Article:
Advice to a Class from Real World Freelance- Part 4

Recently I had the pleasure of being interviewed by Laura C. who is a first year Media and Animation student at The Art Institute of Orange County. For her report, she was required to interview someone in the Animation Industry to get an idea for the field and the types of jobs that are available.

In the next series of posts, I will share with you the questions she asked me and my responses based on my journey and perspective as a Freelance Artist. Please feel free to comment below with any questions you may have for me, and I would be happy to answer them for you. 

Interview with Michael Voogd - Freelance Artist
Animator – Illustrator – Caricature – Comic Strips – Instructor

How long did it take to get your business up and running?
I realized the first thing I needed was a website to promote myself, and some business cards for my face-to-face meetings. After launching my website I started scanning in my old drawings just for visual stimulation to give viewers a taste of my style. Then I searched sites like craigslist.org for people that needed artist to hire. I was professional in my email responses to their ads, and always included my new website for them to view my work. I knew that if I could get them to reply to my emails, and begin a conversation with them, that I had a chance. And sure enough, within the first week I started receiving personal replies and offers. In fact, two of my current clients I found on craigslist, and I am still working with them 3 years later!

Remember, it’s all about presenting a strong portfolio, and NOT necessarily about having a degree! People don’t care that I have an Associates in Art Degree. What they care about is what they see in my portfolio and what they will expect their projects to look like.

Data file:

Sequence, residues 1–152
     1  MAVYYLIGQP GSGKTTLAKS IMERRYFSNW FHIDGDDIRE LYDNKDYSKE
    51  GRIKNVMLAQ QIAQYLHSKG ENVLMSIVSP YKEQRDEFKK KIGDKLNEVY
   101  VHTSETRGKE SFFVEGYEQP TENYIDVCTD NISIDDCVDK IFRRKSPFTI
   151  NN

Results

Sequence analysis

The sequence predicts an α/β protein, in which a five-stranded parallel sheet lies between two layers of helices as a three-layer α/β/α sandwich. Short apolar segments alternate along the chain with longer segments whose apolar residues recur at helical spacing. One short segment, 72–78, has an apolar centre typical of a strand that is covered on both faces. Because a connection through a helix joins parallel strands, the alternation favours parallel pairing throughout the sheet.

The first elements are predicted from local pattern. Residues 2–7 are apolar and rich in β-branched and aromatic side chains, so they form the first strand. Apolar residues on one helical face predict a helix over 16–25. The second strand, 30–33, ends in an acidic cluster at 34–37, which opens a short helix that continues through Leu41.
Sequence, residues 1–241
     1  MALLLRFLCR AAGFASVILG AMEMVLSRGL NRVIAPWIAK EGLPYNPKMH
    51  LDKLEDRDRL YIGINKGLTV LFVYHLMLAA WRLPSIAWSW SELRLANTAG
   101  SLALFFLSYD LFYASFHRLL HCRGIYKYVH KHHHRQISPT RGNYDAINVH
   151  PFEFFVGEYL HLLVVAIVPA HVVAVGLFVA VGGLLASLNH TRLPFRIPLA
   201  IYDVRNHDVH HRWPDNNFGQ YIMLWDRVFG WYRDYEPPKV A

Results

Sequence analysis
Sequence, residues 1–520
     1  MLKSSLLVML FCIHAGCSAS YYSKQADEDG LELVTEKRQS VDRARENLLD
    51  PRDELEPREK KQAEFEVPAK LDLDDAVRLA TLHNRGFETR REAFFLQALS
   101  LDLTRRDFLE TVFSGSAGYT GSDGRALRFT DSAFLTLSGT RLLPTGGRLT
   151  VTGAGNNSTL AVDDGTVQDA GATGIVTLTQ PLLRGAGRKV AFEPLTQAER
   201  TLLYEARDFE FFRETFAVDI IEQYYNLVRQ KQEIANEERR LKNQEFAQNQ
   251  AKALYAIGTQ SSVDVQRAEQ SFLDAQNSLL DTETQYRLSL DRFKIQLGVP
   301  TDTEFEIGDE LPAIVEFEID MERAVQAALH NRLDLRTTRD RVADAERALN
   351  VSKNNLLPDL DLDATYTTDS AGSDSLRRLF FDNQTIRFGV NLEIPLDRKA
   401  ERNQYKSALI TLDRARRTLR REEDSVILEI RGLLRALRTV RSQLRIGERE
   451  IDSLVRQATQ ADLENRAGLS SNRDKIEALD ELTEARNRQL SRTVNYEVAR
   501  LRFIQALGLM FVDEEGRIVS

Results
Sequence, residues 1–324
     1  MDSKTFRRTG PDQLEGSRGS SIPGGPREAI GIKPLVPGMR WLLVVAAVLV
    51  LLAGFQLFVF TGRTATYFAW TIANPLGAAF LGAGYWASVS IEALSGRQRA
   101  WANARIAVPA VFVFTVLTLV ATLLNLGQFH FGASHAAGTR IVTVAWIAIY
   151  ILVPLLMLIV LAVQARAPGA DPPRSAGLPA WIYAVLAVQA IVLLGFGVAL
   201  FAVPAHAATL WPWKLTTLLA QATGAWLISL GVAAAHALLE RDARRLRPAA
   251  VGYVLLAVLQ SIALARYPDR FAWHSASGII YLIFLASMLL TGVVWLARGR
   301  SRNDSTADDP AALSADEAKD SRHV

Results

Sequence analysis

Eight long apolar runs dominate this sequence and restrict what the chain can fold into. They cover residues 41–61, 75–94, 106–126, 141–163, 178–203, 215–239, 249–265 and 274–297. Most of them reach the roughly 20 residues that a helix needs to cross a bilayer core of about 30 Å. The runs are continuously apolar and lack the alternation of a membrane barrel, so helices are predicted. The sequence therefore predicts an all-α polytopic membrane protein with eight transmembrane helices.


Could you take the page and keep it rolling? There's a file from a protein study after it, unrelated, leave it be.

Were there any setbacks?
A-B-C… Always Be Closing. Or put another way, “Always Be Creating”. One thing I learned from my former sales jobs is to keep your “pipeline” full. Which means to always have projects that you are working on, while continuing to pursue new clients. If you just settle on working with your existing clients, you neglect your next paycheck, which you will eventually need. With this mentality, I have been able to avoid potential setbacks.

Is it ever hard to find new clients?
Not when you follow my previous advise. There is ALWAYS a need for ART. Some people have the vision, but it’s the artist that brings the vision to life. I do believe that you should have a specialty, or the art that you prefer to create. BUT, that is when you need to decide how you want to market yourself. In the beginning, I marketed myself (and still do to some extent) in the following areas: Animator, Illustrator, Caricature and Comic Strip Artist. I also am an instructor and teach drawing classes in the local home schooling community to fulfill a need for parents that want their children exposed to art, but don’t know how to draw. Versatility is important. There will be times that caricatures aren’t in demand, or illustrations; in which case you’ll need to market comic strips, or logo design, or tutoring. READ:

READ: Advice to a Class from Real World Freelance Part 1 | Part 2 | Part 3

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